The Philippines’ gross international reserves (GIR) eased in March but remained ample to provide an 11.1-month buffer for the country, central bank data shows.
The GIR fell by $700 million to $79.80 billion last month from $80.50 billion in February. On a yearly basis, the gross dollar reserves slid from the $83.95 billion recorded in the same month in 2013. The GIR for 2014 is projected by the central bank at $88 billion.
The Bangko Sentral ng Pilipinas (BSP) traced the decline in dollar reserves mainly to outflows in the form of payments by the government of maturing foreign exchange obligations, foreign exchange operations of the central bank, and revaluation adjustments on the BSP’s gold holdings and foreign-currency denominated reserves.
However, these GIR outflows in March were partially offset by foreign currency deposits of the Treasurer of the Philippines (TOP), the BSP said.
“The GIR remains ample as it can cover 11.1 months’ worth of imports of goods and payments of services and income. The GIR level is also equivalent to 7.1 times the country’s short-term external debt based on original maturity and 5.2 times based on residual maturity,” BSP Officer in Charge Diwa Guinigundo said.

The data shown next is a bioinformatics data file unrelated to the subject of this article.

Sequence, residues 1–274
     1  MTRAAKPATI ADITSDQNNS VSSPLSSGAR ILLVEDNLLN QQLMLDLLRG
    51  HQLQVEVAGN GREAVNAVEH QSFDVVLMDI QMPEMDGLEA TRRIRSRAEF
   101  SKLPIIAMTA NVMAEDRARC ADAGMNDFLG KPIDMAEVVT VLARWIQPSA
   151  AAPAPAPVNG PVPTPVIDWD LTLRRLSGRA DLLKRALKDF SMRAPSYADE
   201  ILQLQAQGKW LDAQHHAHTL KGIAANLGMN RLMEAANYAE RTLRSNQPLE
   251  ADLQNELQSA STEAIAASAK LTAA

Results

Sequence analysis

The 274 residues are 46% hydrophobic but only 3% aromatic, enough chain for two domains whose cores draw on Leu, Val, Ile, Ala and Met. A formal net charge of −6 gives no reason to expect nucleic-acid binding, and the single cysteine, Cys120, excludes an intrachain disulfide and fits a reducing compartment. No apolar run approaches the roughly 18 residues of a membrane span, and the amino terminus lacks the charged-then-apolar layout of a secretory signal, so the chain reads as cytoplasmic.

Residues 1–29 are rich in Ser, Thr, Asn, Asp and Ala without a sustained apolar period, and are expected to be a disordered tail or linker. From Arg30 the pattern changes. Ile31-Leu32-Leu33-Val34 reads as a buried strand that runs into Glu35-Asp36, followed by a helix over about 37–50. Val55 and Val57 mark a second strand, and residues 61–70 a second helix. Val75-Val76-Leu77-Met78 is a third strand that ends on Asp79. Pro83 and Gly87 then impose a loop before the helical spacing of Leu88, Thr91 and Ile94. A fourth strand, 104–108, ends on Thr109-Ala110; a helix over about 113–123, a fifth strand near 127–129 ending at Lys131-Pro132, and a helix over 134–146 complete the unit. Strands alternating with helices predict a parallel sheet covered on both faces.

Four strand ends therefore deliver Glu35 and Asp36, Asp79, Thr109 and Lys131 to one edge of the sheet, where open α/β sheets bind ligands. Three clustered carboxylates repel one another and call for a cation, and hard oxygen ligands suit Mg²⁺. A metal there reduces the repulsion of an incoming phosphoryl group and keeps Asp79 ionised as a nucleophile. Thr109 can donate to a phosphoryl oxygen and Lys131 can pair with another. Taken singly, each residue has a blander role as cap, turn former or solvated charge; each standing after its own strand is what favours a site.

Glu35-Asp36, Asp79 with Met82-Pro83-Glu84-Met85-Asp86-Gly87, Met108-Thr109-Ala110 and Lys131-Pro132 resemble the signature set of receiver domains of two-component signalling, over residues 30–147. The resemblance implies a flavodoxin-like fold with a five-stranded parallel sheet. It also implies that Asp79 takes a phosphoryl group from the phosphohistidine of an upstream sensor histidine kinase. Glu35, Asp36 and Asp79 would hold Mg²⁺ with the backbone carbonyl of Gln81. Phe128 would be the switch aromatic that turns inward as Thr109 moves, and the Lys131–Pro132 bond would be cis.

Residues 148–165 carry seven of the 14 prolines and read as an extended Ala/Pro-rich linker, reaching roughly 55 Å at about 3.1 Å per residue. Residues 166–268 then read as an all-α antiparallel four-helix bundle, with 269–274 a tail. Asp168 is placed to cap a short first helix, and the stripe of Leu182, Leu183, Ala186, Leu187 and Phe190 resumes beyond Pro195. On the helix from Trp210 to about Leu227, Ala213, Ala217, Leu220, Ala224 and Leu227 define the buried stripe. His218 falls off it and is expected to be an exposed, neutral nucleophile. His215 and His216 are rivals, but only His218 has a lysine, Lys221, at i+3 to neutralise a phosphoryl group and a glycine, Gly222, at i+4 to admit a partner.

Nicholas Antonio Mapa, associate economist at the Bank of the Philippine Islands, said the GIR recorded for March remains a very healthy level given the current external environment of the United States Federal Reserve tapering of its bond-buying program and the eventual interest hike in 2015.
“As such, the Philippines can still rest assured of foreign exchange reserves being kept at a healthy level as we are projected to continue to enjoy a current account surplus on the back of overseas Filipino workers [OFW] remittances, which have not failed us even during episodes of crisis,” he said.
Data from the central earlier showed that personal remittances sent by OFWs grew 6.8 percent in January to $2 billion, an indication of the strong overseas demand for Filipino labor.
GIR are foreign assets that are readily available to and controlled by the central bank for direct financing of payments imbalances and for managing the magnitude of such imbalances. It consists of holdings of gold, special drawing rights, foreign investments, and foreign exchange, including Reserve Position in the Fund. These assets are valued mark-to-market. Higher reserves help prop up the peso and keeps domestic inflation at bay.